Innovations of Reusable Respirators for Healthcare and EMS
One small silver glimmer in this global pandemic is that it has spurred innovation in personal protective equipment. This has been particularly pronounced with respiratory protection. N95 filtering facepiece respirators (FFR) became what the public saw as the gold standard for respiratory protection when, in fact, they have several limitations. Disposable N95s are not able to be consistently and effectively reused, they are very uncomfortable for some users, and the supply chain has, at times, been incredibly strained. This, along with government support, led experts to work to account for these limitations.
Researchers have now developed several novel ways of disinfecting FFRs while maintaining their integrity, which some users did adopt. This still meant only a few uses and did nothing for comfort. Several users simply switched to reusable products that were readily available. As an example of this, some emergency services and healthcare providers moved away from the use of disposable N95 respirators to more available reusable elastomeric half mask respirators (EHMR). Notably, FDNY made this switch. A benefit of a change to EHMRs is that they can be quantitatively fit tested without damaging the mask, so you can use your personal respirator for both testing and out in the field. They can be cleaned and reused again and again which makes them an eco-friendlier option. A challenge with EHMRs for some uses was that they have an exhalation valve, which allows unfiltered exhaled breath from the respirator wearer to exit the mask. This too was advanced. There are now multiple options for EHMRs with no exhalation valve. EHMRs respirators have been used in industry for many years and can offer far superior protection to N95s. They can be used repeatedly, and still have the benefit of a wearer using their personal respirator that has been tested to fit them.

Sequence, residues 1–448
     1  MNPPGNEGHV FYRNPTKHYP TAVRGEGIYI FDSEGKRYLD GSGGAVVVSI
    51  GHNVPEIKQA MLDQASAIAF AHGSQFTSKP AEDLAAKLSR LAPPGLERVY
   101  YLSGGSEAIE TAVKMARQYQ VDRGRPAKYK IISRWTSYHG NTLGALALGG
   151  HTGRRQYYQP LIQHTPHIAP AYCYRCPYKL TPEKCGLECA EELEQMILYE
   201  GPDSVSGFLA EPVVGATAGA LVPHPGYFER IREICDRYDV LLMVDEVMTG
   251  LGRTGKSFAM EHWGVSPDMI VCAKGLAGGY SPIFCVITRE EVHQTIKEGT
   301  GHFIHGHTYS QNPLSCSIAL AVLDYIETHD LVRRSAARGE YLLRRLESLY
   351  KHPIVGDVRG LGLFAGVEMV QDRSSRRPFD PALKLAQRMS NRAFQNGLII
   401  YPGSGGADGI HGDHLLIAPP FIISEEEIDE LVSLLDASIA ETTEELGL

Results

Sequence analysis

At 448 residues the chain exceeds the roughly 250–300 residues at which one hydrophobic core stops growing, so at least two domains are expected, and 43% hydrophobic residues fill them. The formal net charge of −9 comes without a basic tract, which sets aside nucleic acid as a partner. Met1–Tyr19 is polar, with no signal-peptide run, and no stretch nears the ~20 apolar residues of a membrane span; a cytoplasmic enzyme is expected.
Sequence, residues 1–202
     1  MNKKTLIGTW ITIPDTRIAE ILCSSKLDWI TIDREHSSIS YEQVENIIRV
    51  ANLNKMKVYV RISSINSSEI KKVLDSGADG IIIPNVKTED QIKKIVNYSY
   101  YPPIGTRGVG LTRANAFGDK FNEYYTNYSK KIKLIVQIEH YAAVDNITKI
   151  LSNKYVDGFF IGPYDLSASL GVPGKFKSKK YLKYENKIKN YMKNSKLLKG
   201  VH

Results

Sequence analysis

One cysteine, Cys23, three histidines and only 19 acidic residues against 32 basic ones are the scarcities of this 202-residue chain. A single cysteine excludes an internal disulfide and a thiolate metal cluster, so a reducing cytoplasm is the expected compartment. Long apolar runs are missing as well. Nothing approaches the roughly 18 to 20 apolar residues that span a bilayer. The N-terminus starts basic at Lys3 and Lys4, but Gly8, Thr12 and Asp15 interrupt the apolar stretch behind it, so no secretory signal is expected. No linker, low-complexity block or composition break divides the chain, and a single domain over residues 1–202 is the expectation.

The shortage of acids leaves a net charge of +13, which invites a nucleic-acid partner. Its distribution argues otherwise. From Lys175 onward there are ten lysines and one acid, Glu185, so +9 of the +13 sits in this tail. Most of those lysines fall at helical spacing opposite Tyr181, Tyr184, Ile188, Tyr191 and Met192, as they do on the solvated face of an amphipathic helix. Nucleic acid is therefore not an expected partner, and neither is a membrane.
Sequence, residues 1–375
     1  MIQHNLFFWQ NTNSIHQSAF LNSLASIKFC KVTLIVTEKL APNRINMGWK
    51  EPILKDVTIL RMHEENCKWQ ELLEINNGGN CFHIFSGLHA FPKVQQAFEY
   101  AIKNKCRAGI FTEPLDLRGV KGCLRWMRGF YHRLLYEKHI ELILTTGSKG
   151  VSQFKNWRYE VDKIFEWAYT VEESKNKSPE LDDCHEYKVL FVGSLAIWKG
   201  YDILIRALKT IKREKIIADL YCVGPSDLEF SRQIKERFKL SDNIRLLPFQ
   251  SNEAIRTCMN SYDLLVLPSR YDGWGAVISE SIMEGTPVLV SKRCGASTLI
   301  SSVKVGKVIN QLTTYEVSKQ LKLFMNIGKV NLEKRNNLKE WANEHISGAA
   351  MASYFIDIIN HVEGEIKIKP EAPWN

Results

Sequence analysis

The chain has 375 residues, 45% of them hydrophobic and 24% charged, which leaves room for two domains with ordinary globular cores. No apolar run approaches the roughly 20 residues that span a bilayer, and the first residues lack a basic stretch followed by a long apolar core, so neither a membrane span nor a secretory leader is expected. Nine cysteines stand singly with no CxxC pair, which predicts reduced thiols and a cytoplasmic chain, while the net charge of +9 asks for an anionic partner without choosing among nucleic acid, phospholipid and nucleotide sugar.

This move is a vast improvement, but there is a level of simplicity that some users feel is lost with a move from N95 FFRs to EHMR. EHMRs can be cumbersome and clunky, and they may appear severe in patient care settings. Also, a simple removal of the exhalation valve could increase breathing resistance or wearer comfort. So still other researchers worked on a better seal and longer lasting material with the simplistic use of an N95 and designed without an exhalation valve. This research came to fruition just this month, and there are now NIOSH approved reusable N95 elastomeric respirators. They are one solid piece (including straps), simplifying use, and they filter inhaled and exhaled air through reusable and replaceable puck style N95 filters.
There has likely been more innovation in this market in the last two years than in the previous 10. Development will continue to drive forward as the pandemic continues to challenge conventional thought on respiratory protection. The timing is right to evaluate your respiratory protection program and educate yourself on what is available. Hopefully, this will lead us to better management of the pandemic now, as well as improve preparedness for the future.
If you need assistance with your respirator fit testing program, OHD is here to help.
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